Pharmaceutical companies understand that breaking down this complexity and facilitating studies with the most consistent groups is important to showing maximum efficacy. A study done by the Tufts Center for the Study of Drug Development in 2010 indicated that 100% of pharmaceutical companies surveyed were using genetic technologies to target specific groups of patients and understand how patients will react to specific treatments.

The SolveCFS BioBank is an important part of this research progress. We simplify the process for investigators by creating a ‘bank’ of research-ready patients and healthy controls where important data that helps group similar patients together has already been collected. As we expand the efficacy and efficiency of the SolveCFS BioBank and Registry, we continue to enhance systems that allow us to use patient data to break down the complexity of ME/CFS and move discovery forward at a more rapid pace. When you participate in our BioBank, just having your name on the roster while you wait to be called to offer a sample, makes you a critical component in our efforts to solve ME/CFS.


Learn more about our Solve CFS BioBank in this earlier 4 part blog series:

Part 1:  An Important Tool in Accelerating the Discovery of Effective Treatments

Part 2:  Breaking Down Barriers to ME/CFS Support

Part 3:  Breaking Down Barriers Through BioMarker Discovery

Part 4:  Calling YOU to Participate in Gathering a Breadth and Depth of Data

Breaking Down the Complexity of ME/CFS – Part 1

July 2, 2014

Clinical Intuition divide and conquer

In 2012 the Solve ME/CFS Initiative organized a meeting at the Banbury Center of Cold Spring Harbor Laboratory, “Decoding Clinical Trials to Improve Treatment of ME/CFS.” We invited many of the investigators that over the years have conducted clinical trials for myalgic encephalomyelitis, Chronic Fatigue Syndrome and related disease areas; Jose Montoya, Øystein Fluge, Katherine Rowe, Carl-Gerhard Gottfries, Nancy Klimas, Peter Rowe, Italo Biaggioni and about 30 others.

Our meeting objective was to understand the science behind the clinical trials – why some worked and others didn’t – and then to take these lessons learned and apply this knowledge to future clinical trials.  It was clear from the many presentations that the complexity of ME/CFS made clinical trials challenging.  Many of the trials were small, few went further than Phase II (there are 4 phases in clinical trials) and none were replicated by other clinical researchers.  It was interesting however, to see that despite the limitations of these clinical trials, there were hints of some beneficial effect to some of the treatments.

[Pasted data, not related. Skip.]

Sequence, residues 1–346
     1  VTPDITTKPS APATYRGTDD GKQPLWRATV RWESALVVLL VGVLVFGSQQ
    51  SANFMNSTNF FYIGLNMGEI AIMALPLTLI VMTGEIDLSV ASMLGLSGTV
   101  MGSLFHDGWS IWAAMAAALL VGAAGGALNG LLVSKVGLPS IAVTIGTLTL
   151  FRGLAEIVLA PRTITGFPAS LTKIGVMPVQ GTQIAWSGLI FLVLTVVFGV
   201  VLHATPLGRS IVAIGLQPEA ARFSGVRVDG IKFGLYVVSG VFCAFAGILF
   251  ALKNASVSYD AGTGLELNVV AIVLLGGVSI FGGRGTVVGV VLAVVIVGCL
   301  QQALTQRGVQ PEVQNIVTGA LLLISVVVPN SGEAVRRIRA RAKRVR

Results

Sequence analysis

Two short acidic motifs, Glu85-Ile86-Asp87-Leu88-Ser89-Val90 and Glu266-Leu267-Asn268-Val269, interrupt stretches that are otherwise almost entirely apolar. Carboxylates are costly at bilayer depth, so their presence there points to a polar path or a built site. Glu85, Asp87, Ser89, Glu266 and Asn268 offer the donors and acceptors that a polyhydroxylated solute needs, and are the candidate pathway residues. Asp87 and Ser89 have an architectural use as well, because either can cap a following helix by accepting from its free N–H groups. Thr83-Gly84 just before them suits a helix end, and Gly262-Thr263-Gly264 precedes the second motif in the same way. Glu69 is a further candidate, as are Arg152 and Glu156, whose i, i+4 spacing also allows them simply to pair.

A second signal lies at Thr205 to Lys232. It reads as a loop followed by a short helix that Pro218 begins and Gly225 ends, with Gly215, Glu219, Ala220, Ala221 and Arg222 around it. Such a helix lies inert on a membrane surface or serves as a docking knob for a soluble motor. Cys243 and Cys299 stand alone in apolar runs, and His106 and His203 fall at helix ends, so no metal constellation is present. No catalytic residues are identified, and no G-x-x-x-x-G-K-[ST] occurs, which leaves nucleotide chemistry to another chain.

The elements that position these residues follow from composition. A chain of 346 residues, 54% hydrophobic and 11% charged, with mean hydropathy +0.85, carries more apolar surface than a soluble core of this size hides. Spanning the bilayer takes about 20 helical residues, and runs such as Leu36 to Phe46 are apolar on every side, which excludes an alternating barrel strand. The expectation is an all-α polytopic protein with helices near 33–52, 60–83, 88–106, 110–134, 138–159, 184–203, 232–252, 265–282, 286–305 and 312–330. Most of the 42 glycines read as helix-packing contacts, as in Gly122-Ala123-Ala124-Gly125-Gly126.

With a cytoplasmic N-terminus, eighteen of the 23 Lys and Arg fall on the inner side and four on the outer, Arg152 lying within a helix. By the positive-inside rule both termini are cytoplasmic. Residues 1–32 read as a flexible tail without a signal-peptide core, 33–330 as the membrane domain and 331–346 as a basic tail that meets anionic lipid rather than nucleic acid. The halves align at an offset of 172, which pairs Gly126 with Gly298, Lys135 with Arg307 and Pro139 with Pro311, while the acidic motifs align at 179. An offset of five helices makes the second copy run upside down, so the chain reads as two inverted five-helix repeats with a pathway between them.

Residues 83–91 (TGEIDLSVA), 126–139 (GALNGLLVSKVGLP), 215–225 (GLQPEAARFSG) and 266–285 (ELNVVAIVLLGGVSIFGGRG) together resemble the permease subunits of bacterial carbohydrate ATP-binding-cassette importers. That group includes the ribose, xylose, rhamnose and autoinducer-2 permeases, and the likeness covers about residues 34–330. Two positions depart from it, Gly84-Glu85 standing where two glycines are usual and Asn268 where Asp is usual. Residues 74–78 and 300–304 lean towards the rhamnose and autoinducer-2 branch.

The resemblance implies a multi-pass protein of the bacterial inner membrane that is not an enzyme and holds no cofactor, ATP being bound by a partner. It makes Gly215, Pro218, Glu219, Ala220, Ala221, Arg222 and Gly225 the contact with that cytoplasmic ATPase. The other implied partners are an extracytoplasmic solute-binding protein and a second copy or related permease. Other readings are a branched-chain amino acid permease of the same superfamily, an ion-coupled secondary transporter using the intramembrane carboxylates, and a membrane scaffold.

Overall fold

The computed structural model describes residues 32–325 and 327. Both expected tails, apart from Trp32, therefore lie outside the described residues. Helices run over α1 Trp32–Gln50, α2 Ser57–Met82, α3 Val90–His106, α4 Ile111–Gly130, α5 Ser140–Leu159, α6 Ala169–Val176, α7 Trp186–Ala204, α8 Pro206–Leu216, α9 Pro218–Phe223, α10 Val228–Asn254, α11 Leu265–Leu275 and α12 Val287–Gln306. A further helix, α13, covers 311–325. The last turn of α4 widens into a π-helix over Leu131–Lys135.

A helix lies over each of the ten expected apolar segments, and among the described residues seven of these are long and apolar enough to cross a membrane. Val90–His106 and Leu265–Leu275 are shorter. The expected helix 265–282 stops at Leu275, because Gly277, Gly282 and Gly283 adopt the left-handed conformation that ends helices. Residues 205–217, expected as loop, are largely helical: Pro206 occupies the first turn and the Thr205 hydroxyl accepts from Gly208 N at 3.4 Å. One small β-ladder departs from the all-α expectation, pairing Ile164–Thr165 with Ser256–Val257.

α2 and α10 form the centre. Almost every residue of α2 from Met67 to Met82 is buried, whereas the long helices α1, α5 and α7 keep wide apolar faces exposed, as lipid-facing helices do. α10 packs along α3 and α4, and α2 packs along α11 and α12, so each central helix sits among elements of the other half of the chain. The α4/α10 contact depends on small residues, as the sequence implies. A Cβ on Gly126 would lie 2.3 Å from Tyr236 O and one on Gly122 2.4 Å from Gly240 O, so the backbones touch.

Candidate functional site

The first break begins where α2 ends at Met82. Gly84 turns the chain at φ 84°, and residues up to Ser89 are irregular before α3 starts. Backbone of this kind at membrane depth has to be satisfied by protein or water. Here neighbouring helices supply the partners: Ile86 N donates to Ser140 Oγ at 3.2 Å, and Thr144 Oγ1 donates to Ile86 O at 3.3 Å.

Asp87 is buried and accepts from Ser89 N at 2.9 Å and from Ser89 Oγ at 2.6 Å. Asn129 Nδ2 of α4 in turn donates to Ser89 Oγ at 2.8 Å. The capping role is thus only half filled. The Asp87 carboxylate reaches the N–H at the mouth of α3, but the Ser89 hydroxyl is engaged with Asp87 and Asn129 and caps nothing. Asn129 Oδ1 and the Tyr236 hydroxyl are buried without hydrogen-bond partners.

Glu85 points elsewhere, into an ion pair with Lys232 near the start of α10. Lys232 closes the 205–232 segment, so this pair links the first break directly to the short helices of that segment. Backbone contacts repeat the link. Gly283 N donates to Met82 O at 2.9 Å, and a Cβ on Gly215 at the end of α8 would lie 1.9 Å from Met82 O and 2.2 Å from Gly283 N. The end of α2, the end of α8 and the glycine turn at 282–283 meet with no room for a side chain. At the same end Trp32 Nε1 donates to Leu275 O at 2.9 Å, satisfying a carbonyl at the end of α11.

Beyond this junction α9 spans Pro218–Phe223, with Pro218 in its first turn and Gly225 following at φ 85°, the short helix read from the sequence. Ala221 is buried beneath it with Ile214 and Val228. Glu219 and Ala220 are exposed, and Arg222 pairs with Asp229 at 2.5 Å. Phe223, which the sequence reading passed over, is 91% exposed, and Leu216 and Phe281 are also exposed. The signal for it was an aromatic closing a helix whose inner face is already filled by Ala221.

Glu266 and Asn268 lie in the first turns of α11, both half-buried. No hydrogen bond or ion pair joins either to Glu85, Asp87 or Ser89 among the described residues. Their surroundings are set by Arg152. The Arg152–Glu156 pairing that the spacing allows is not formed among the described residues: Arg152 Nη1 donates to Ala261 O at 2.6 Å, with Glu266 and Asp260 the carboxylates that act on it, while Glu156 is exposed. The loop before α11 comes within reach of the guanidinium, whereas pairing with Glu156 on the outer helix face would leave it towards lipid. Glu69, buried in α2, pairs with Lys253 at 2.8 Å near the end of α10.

This gave Elizabeth Unger MD, PhD, a meeting participant, the idea that we should try to capture this clinical intuition (the sense that doctors have that helps them understand and treat ME/CFS patients.) Dr. Sandra Kweder of the FDA was thinking similarly when she was quoted as saying:

“… But the key is that a lot of the researchers in this to date have been out there on their own. They’re clinicians who are following a series of patients for decades. And no one’s really been able to tap into the kind of information that they have…”

-  ME and CFS Stakeholder Teleconference Participant List, September 13, 2012

We worked with Biovista, one of our 2011 funded investigators, to develop a platform in order to tap into and capture clinical intuition.  Together we developed a web-based survey tool that asked questions focused on three main areas:

  1. Efficacy of drugs currently used in the treatment of ME/CFS symptoms
  2. Alternative treatment options (nutritional supplements, fluids,)
  3. Treatment strategies: How are symptoms interrelated? Which symptoms are more important to treat first?

About 15 ME/CFS expert clinicians participated in the survey.  We are now preparing the results of the survey for publication.  Once published, this will be useful information for ME/CFS patients to bring to their physicians to see how the ME/CFS experts from around the world are managing and treating their patients.